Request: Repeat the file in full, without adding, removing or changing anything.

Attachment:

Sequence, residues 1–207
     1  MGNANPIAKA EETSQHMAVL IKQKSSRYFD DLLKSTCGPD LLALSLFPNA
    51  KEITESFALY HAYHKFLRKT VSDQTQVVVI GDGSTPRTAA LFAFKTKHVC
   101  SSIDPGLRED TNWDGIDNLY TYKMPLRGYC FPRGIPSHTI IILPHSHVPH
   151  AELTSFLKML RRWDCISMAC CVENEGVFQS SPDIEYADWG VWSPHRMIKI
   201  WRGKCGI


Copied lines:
Sequence, residues 1–207
     1  MGNANPIAKA EETSQHMAVL IKQKSSRYFD DLLKSTCGPD LLALSLFPNA
    51  KEITESFALY HAYHKFLRKT VSDQTQVVVI GDGSTPRTAA LFAFKTKHVC
   101  SSIDPGLRED TNWDGIDNLY TYKMPLRGYC FPRGIPSHTI IILPHSHVPH
   151  AELTSFLKML RRWDCISMAC CVENEGVFQS SPDIEYADWG VWSPHRMIKI
   201  WRGKCGI